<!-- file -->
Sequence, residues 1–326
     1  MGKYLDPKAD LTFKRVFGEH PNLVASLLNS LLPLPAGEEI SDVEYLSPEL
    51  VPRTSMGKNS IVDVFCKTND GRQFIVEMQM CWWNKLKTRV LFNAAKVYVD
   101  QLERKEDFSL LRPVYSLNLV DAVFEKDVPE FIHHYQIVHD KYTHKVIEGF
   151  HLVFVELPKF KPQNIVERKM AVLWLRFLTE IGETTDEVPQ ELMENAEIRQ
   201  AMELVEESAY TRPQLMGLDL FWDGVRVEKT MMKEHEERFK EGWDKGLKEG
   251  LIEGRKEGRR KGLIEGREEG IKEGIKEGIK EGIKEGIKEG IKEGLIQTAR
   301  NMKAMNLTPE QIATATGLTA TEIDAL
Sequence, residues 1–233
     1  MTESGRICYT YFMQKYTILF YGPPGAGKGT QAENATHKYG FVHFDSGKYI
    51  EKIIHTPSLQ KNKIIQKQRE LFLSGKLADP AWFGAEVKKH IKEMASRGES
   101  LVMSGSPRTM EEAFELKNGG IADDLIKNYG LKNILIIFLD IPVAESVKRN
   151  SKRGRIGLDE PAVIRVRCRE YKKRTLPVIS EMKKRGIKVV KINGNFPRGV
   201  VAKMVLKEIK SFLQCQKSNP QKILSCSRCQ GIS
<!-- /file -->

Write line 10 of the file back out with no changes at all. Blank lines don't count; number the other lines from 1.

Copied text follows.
     1  MTESGRICYT YFMQKYTILF YGPPGAGKGT QAENATHKYG FVHFDSGKYI